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Article and photos by Michael Schlee

Let’s face it, being a car enthusiast is hard today. Never before have we been offered such high performance capable machines direct from the manufacturer, and never before have there been more rules, laws and surveillance devices out there to ensure we do not use our vehicles to their full potential on public roads.

There is nothing more painful than driving your 412-hp Mustang GT in stop-and-go traffic, or being forced to stay on a paved parking lot in a National Park behind the wheel of your Jeep Wrangler Rubicon.

However, there is still hope for us. There are venues across our great country that will allow you to drive your vehicle (or maybe theirs) around a closed track with no worries of traffic, pedestrians, or law enforcement repercussions. For pavement drivers there are drag strips, ovals, road circuits, or even temporary autocross courses. If getting a little dirty is more your cup of tea, thankfully there are off-road parks and trails to be explored. Regardless of what turns your gears, if you consider yourself a ‘driver’, then it is well worth getting off the street and really testing your abilities and your vehicle’s limits.

Sure, you can save yourself a lot of money and attempt to find the limits of your vehicle on public roads, but chances are you will eventually be caught by the authorities or cause a horrendous crash scene. No matter how fast or on the edge it may feel on street, you will never, ever, ever find the true limits of either your vehicle or your abilities on public roads safely. There are just too many variables at play that can alter a situation in milliseconds, the largest being road conditions. That car slicing through rush hour traffic from lane to lane cutting every third car off isn’t quick, nor is its driver. They are brazenly stupid, but quick—most likely not. I have met many people in my relatively short lifetime who claim they are a fast driver because they travel at ludicrously high speeds on the street and perform insane passing maneuvers in the city. I am sorry my friend, you are not fast; overconfident and driving on borrowed time, yes, but not quick. I would love to have one of these individuals take a lap with our ‘ hot shoe’ on a closed racetrack so they can experience what driving fast really is.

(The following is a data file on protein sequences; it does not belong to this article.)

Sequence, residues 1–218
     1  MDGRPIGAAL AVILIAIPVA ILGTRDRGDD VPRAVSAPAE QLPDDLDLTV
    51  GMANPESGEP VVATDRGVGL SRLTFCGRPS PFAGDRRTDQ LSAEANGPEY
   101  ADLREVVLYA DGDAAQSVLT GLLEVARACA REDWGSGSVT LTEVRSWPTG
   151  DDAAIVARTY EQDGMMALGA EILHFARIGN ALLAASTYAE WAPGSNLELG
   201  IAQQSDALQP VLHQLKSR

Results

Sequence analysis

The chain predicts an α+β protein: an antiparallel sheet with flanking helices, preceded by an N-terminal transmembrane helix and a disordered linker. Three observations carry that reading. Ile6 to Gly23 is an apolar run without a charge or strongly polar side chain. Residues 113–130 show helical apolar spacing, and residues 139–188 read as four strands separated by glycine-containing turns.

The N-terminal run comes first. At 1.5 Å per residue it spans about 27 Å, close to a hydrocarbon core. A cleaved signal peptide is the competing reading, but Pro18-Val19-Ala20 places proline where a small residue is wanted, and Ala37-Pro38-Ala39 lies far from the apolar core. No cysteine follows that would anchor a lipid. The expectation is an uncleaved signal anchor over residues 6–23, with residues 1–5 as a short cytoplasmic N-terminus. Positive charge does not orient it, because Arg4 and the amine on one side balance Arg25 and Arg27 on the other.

Truth is, I always considered myself ‘relatively good’ as a driver and thought I was getting all I could out of my car on the street. Then, when I was 19 I had the chance to lap the Mosport Oval. It took one lap to realize just how different things are on a closed circuit. I could push that little Cavalier (yeah… I know) as hard as I wanted and really feel the unrelenting understeer as the front tires tried to roll over on themselves. I was hooked. Oval, drag, circuit, or autocross, I wanted to drive more. Although I spent a good chunk of my mid-20s at the drag strip on random weekends, it wasn’t until the past four years that I really have begun hitting more and more courses. I would still consider myself a novice when it comes to track time as I have only been on them a couple of dozen times. So, from my trial and error experiences, I hope the following will help other rookies discover the joy of track and off-road driving.

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